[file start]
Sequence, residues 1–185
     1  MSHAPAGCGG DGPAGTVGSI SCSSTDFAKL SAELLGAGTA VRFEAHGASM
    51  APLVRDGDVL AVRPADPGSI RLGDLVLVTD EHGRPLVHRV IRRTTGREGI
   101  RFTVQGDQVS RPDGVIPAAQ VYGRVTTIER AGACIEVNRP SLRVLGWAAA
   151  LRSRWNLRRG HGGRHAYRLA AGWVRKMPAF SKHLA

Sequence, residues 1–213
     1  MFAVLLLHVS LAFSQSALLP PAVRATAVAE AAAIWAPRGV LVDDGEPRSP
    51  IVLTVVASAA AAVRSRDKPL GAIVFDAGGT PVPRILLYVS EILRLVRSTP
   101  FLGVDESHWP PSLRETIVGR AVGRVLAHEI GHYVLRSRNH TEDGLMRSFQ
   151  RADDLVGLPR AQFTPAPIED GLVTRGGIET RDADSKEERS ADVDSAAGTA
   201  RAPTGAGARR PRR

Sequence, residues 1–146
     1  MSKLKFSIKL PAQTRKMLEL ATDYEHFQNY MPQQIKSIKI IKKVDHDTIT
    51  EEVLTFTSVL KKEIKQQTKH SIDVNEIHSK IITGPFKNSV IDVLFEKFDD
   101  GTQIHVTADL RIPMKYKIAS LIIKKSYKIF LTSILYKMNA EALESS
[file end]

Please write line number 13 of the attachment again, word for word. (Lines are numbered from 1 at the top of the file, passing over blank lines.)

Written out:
     1  MSKLKFSIKL PAQTRKMLEL ATDYEHFQNY MPQQIKSIKI IKKVDHDTIT